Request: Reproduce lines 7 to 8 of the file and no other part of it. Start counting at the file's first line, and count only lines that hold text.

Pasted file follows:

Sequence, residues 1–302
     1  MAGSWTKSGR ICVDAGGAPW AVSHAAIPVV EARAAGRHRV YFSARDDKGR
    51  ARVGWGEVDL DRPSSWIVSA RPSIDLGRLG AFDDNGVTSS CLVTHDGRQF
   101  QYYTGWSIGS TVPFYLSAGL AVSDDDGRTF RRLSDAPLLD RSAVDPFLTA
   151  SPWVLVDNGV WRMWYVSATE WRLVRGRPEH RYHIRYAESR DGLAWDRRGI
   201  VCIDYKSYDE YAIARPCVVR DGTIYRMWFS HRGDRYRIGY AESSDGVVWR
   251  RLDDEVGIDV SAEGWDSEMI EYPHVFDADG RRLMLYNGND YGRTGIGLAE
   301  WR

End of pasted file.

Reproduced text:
   251  RLDDEVGIDV SAEGWDSEMI EYPHVFDADG RRLMLYNGND YGRTGIGLAE
   301  WR